© Copyright 2020 Audrey Kletscher Helbling

 

On the road in southwestern Minnesota, a photo essay November 25, 2019

Sometimes I photograph scenes in the passenger side mirror, here the grain elevator in Morgan.

 

IF I STOPPED TO PHOTOGRAPH everything that grabbed my interest while on the road, I would never get anywhere. So I’ve learned to shoot on the fly—from the passenger seat and out the windshield or the side window. I set my camera’s shutter speed in sports mode (a fast speed to catch action) and then scan for photo ops.

Photographing in this style calls for a watchful eye, an ability to compose/frame a scene at a moment’s notice and a lot of luck. Factor in dirty/tinted windows and reflections and the challenge is even greater.

 

I often think, this creamery in Courtland would make a lovely brewery. I’m unsure of its use, but I think it’s a residence/apartments.

 

Still, I manage to capture plenty of images that I wouldn’t otherwise get.

 

Courtlands’ Swany’s Pub, left, always draws my eye for the signage.

 

With that background, I take you on the road, westbound toward my native Redwood County. My photo tour begins about 1 ½ hours into this road trip, in Courtland, This small town is a pass-through point for busy US Highway 14. It’s also the home of my maternal forefathers. Not a lot changes in Courtland, although the Crow Bar burned down a few years ago and has since been rebuilt. It’s across the street from Swany’s Pub.

 

The curve of this tire shop draws my focus.

 

The Minnesota Music Hall of Fame in New Ulm, which I have yet to visit.

 

A billboard near New Ulm advertises Schell’s Brewery’s seasonal snowstorm beer.

 

Continuing west, New Ulm now requires driving through this long river town (due to a major road construction project on Highway 14). I love New Ulm, just not the time it takes to get through the city when you want to reach your destination quickly. The strong German heritage of this place, its natural beauty and a variety of attractions (including Schell’s Brewery) make me a fan of New Ulm.

 

Harvest was in full swing during my most recent trip to southwestern Minnesota a few weeks ago. This is near New Ulm.

 

Once outside the seat of Brown County, the rural landscape continues on the long stretch of roadways to Morgan.

 

Driving through Morgan, a small farming community.

 

Waiting at the elevator in Morgan.

 

I photograph this co-op elevator nearly every time we drive through Morgan.

 

Now I’m back in Redwood County and the familiarity of grain elevators and small town Main Streets.

 

Near Redwood Falls, a grain truck in a cornfield.

 

Photographing breaks the boredom of too many miles between Morgan and Redwood Falls.

 

Driving through part of the business district in downtown Redwood Falls, Minnesota.

 

Redwood always brings out mixed emotions in me. I attended junior high here, the worst two years of my youth due to bullying in school. From both teachers and classmates. Yes, teachers. But Redwood also evokes some wonderful memories of visiting my maternal grandfather, of hiking in beautiful Alexander Ramsey Park (known as The Little Yellowstone of Minnesota) and buying fabric in the basement of the J.C. Penney’s store. I sewed most of my clothes as a teen.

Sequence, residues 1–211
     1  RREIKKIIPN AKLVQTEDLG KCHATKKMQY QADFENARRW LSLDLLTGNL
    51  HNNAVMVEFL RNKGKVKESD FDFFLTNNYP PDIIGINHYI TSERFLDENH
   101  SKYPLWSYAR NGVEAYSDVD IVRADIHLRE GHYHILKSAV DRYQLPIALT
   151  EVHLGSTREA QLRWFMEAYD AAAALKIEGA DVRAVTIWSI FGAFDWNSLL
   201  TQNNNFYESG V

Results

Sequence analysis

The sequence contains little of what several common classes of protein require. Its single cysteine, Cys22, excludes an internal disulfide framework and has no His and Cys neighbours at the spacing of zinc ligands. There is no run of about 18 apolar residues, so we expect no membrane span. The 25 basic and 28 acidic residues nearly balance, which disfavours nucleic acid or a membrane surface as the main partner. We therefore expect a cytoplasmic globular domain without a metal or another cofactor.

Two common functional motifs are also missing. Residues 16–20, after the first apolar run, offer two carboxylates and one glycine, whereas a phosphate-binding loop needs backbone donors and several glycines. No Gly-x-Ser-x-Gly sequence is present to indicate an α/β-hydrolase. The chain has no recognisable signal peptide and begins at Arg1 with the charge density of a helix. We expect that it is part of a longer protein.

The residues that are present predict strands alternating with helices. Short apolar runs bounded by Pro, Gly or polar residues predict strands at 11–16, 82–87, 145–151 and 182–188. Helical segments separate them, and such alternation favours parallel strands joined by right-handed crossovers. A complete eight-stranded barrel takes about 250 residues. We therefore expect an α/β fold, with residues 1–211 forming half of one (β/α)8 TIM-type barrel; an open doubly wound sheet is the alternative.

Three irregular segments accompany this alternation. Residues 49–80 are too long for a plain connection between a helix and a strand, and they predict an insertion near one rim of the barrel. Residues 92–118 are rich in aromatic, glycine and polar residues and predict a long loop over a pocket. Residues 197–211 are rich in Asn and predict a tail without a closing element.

As I photograph these places, I am documenting my life. Not always directly, but indirectly. And if not my life, then the lives and places of those who call southwestern Minnesota home.

© Copyright 2019 Audrey Kletscher Helbling

 

“Back home” in rural southwestern Minnesota November 22, 2019

Along U.S. Highway 14 west of Mankato. I grew up some 80 miles west of here.

 

ALTHOUGH I’VE LIVED IN TOWN longer than in the country, I still feel most at home in the familiar surroundings of endless land and vast sky. Southwestern Minnesota. It is the place of my roots, the place of my heart, the place where I feel overwhelmingly comfortable.

 

Farms edge U.S. Highway 14 in this region of Minnesota.

 

I expect most people connect to a geographic location. Do you?

 

Another farm along Highway 14 west of Mankato.

 

Every time I’m back home, because, yes, I still call this rural region back home, I sweep my eyes across the landscape, noticing always how small I feel in this setting. The sky and land overtake every aspect of this place, dwarfing farm sites and farm machinery and people. Only grain elevators seem to hold any sort of visual power.

 

An old-style machine shed in southwestern Minnesota.

 

As I travel through this farming region, I study building sites, pleased by sturdy, maintained barns, dismayed by those with roofs caving. Too many barns are vacant of animals, an almost certain start of their demise.

 

Grain bins define a farm site near Delhi, Minnesota, in my native Redwood County.

 

Like the farmer’s daughter I am, I notice the status of crops from spring planting to harvest. It’s in my DNA, this natural instinct to focus on corn and soybean fields, to assess the growing season, to care about the weather.

 

A farm site west of New Ulm, Minnesota.

 

Although I’ve left this land of my youth, I remain grateful for the earth, the sky, the wind, the communities, the schools, the churches and peoples of southwestern Minnesota. All influenced and shaped me. And still do.

© Copyright 2019 Audrey Kletscher Helbling